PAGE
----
Dark Room Notes began life as a group of guitar-obsessed teenage boys in the west of Ireland, bashing out cover versions of their heroes’ hits in their parents’ dusty basements, while trying to find their own niche in the world of music. Gradually tastes changed, the musical outlets offered by a small town on the edge of Europe began to feel stale, and members left to pursue other lives and dreams.
Eschewing the company of other humans, founding members Ruairi Ferrie and Ronan Gaughan found comfort in machines, first replacing a newly familial bassist with a synthesiser, and eventually finding a drum machine a worthy substitute for an academically-minded drummer. Hanging on to their guitars, the two found a Battles-like level of musicianship ever so slightly beyond them, and it became clear that a further pair of hands would be needed in order to help man the growing number of machines.
Following a move east to Dublin, Ferrie and Gaughan hooked up with hat-designer, circus-performer and sometime keyboard player Arran Murphy. Arran arrived at her first rehearsal directly from a class in photography, and as she took out her notebook in order to appear eager in front of her new colleagues, the words ‘Dark Room Notes’ shone out from the cover, thus christening the new trio. As the songs began to take shape, and the practice began to pay dividends, gigs inevitably followed. DRN’s unique sound began to attract attention, and countrywide gigs were complemented by trips to London and Berlin where, although their audience sometimes included a menagerie of animals, the band continued to expand their reputation.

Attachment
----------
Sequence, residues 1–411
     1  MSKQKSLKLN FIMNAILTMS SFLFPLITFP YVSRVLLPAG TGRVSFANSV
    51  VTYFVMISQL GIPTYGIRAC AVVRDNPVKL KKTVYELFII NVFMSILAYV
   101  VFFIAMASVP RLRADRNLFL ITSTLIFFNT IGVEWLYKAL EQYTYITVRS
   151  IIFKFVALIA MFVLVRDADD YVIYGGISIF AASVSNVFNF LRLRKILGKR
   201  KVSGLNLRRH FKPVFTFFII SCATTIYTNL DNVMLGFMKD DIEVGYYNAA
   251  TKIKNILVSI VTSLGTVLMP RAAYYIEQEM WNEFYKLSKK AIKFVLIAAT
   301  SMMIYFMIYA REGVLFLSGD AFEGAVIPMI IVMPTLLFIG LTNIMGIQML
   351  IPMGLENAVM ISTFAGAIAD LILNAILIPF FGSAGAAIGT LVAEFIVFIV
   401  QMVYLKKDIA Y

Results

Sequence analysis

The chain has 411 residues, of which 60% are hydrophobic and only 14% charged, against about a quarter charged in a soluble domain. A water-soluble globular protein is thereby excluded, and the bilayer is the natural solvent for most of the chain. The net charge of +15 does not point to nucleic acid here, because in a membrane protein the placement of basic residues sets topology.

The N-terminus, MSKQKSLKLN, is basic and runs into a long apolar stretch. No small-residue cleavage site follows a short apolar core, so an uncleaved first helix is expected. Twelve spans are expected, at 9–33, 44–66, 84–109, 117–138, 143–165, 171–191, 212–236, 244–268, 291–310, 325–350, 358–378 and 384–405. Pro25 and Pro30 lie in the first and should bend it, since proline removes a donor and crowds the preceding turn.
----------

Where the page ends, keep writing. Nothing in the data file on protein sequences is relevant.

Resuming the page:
Never ones for stasis, DRN were soon to indulge in further personnel augmentation. Sensing that the energy generated by a real-life human drummer could only add to their live experience, the band recruited Darragh Shanahan, photography lecturer at the very same institute that had inadvertently provided the group’s moniker. DRN was sonically enriched and, membership-wise, complete. Very soon the band began their relationship with producer Ciaran Bradshaw. A single, Love Like Nicotine, was soon released on fledgling Dublin label Gonzo, run by newly appointed band manager Martin Bradley. This included b-side remixes by Tom Rixton and the legendary Flood. The excitement generated by this release encouraged the band to record a further EP, Dead Start Program. This release, also on Gonzo, cemented DRN’s standing as one of Ireland’s most interesting and inventive bands.The stage was set for the recording of We Love You Dark Matter, Dark Room Notes’ debut album. Aside from support slots with Kraftwerk, Soulwax and Ladytron, all energy now went into the writing and pre-production of material for the record. After months spent holed up in Dublin’s industrial belt, DRN and Bradshaw were ready to take their songs to London’s Miloco Studio in Hoxton Square. Fourteen days of live recording later the band emerged into the sunlight with 14 songs.
The band then signed with BBE in Autumn 2009, to further develop their plan for Global domination. We Love You Dark Matter will be out in early 2010
Sometime after the Universal Robot Band and sometime before where we are now, a pair of DJ/promoter/whatevers, Pete Adarkwah
and Ben Jolly, ran a successful club night named after our eponymous song, playing a joyful mix of all they considered good. 'Wouldn't it be fun,' they mused, 'To release some of these tunes?' And so BBE (Barely Breaking Even) was born....more